Born and brought up in Bikaner, part of the Thar Desert, Jitu Solanki has a passion for elusive wildlife. A man adept at multitasking, he plays several roles for domestic and foreign tourists, including being a bird-spotter, a tree identifier, photographer, reptile-explorer, fox tracker and a snake saviour. The young man also doubles up as tour guide and SUV driver negotiating the tough terrains of the dry Rajasthan desert.
It all started around a decade ago, when Solanki was still at college. Crew from the British Broadcasting Corporation (BBC) had arrived in Bikaner, eager to document the elusive saw-scaled viper that lives in the desert. The viper is a beautiful creature, small in size but highly poisonous. Solanki was deployed by his professor to accompany the BBC team into unknown topography as an interpreter. He, in turn, engaged the services of a villager who was an experienced snake charmer living off the land.
The plan was to start before sunrise when the weather is cool and apt for tracking inconspicuous reptiles. The motley group assembled at a secluded location and time, fortified with hi-tech recording equipment. Even before they started the hunt, strangely, the snake charmer called off the mission saying that the wind speed was not right to locate vipers. There was disappointment and some even got angry, particularly members of the BBC who had come all the way from London. Solanki had to explain that without the expertise of the snake charmer, the chance of locating elusive snakes was extremely slim.
The next day, at the crack of dawn, the team again gathered to take off with the serpent specialist and he, once again, picked up a fistful of sand and spilled it slowly to test wind speed and direction. This time, the hunt for the viper began enthusiastically in the seemingly barren sand dunes.
A young Solanki asked the snake charmer the reason for testing the wind speed. He was told the viper is rarely seen and the only way to find it is through tell-tale spoor on the sand surface. Hence, it was prudent to check the wind speed to ensure that the side-winding locomotion of the snake leaves behind a distinct pattern that can be followed to locate the whereabouts of the snake.
Rustle of scales as warning
After an hour’s search, the saw-scaled viper was seen slithering and when it sensed somebody was nearby, it did not flee. Instead it curled up like a spring and raised its triangular head, sensing with its forked tongue, ready to strike.
“The snake is aware that it is loaded with a high dose of venom and is sure of its fast-striking capabilities,” explained the snake charmer. At first it warns its enemy by rubbing its serrated scales in a coil and the caution sound thus produced is an excellent defence mechanism. This was precisely what the BBC team was wanting to record; the subtle rustle of scales of the viper when it is angry. Unlike other snakes that hiss, the saw-scaled viper used its rough exterior to notify “I am venomous — keep off”.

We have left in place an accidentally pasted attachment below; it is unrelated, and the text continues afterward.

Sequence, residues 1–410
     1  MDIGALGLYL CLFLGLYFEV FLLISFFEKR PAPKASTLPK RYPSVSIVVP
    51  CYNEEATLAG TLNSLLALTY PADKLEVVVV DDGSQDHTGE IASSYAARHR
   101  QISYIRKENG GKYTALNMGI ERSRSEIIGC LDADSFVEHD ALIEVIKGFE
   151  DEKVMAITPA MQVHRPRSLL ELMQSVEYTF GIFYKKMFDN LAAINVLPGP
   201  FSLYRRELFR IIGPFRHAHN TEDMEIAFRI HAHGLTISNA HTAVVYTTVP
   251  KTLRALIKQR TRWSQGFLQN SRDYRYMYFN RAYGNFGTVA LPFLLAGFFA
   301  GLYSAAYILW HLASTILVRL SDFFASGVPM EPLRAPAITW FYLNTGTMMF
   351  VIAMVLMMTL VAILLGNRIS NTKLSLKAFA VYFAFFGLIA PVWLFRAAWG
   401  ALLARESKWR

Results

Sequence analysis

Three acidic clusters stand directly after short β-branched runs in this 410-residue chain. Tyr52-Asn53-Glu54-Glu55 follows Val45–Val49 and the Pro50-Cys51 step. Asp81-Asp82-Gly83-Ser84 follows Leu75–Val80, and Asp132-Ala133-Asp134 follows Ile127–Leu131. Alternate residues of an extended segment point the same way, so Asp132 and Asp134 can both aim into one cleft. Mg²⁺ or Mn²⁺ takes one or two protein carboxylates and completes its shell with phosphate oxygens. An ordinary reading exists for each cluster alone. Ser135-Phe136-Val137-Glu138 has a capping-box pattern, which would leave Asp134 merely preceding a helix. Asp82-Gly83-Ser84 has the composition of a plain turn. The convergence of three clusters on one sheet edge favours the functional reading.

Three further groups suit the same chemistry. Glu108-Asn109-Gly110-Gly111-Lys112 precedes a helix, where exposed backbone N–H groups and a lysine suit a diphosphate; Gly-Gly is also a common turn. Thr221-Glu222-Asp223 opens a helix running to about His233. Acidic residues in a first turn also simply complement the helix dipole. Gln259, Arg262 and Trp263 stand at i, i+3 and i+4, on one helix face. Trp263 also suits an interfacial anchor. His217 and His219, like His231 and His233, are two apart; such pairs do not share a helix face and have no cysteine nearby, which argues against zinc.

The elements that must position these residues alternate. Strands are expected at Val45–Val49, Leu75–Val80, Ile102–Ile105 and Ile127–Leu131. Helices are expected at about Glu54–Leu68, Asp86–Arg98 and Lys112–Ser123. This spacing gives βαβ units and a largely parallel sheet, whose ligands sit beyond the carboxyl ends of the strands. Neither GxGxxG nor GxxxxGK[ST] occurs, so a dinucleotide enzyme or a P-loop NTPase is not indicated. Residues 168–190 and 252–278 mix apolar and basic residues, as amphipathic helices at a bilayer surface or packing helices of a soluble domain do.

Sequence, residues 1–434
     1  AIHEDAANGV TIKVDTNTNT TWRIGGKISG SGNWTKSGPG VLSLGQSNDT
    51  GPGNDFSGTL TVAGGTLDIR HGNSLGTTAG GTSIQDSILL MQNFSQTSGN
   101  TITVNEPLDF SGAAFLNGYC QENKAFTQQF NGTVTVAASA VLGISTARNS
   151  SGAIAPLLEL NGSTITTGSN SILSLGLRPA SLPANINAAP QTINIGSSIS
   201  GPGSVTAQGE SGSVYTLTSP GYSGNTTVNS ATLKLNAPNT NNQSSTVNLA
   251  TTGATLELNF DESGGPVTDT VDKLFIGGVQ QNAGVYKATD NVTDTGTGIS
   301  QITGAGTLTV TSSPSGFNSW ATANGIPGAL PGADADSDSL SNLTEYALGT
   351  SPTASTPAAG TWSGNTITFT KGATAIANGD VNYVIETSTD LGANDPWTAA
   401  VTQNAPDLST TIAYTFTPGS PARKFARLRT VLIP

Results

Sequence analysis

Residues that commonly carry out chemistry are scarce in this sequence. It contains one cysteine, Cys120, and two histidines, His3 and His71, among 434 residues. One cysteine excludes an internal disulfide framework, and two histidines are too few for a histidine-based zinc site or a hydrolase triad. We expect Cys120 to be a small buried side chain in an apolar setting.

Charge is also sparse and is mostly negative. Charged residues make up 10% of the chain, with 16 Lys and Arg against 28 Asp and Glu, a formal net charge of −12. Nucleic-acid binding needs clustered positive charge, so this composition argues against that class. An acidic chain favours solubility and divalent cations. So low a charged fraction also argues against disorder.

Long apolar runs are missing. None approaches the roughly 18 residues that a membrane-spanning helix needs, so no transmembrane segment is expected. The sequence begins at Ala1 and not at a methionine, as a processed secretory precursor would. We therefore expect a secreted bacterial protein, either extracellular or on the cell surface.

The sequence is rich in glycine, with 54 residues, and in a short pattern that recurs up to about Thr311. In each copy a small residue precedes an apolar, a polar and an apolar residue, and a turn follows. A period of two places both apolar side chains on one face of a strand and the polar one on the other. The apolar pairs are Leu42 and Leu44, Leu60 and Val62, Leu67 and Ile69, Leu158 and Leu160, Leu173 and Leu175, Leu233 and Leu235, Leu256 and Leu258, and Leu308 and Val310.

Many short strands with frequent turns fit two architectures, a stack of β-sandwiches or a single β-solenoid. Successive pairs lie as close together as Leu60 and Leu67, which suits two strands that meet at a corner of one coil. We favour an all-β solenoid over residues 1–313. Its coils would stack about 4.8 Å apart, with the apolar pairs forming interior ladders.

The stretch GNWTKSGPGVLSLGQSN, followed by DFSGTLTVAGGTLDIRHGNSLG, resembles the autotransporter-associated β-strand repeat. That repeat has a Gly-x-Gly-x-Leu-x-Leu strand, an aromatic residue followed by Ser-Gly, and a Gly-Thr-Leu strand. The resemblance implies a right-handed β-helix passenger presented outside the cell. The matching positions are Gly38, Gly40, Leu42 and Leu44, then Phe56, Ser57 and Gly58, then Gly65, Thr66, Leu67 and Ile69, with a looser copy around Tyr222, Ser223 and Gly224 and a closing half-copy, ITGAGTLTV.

This interesting episode with the viper, the BBC team and the snake charmer in 2007 impressed Solanki. He felt this wonderful knowledge of natural history with the villagers needed to be preserved and propagated. He studied the snakes of the Thar Desert for his Ph.D thesis, from 2010 to 2015.
But he realised that acquiring degrees did not provide him a livelihood and began to work as a tourist guide. He soon transformed into a wildlife specialist and was sought after as a naturalist.
Solanki’s popularity grew and he slowly started personalised desert safaris by jeeps and camels and even held camps in the middle of desert dunes to experience the nuances of its barren beauty. To augment his earnings and with the help of his parents and grandparents, he converted part of his ancestral property into a home-stay with eight rooms equipped with basic amenities.
This, too, became popular and is featured in travel books like Lonely Planet and Rough Guides . Solanki says that both domestic and foreign tourists seem to love the guest house and relish home-made Rajasthani cuisine.
Finally, Solanki admits that in India, venomous snakebites remain an enigma. Although ineffective first aid treatment that is centuries-old continues to be used by people bitten by snakes, important factual information is still missing. That is why, apart from rescuing injured eagles and providing food for vulnerable vultures, reaching out to snakebite victims with antidotes is also part of his job.
He is so passionate about educating the public about snakebites that whenever he finds time, he briefs students on the benefits of snakes to society and how to differentiate the poisonous from the non-poisonous variety. His love for seducing serpents continues.
The writer is a wildlife enthusiast and photographer based in Noida
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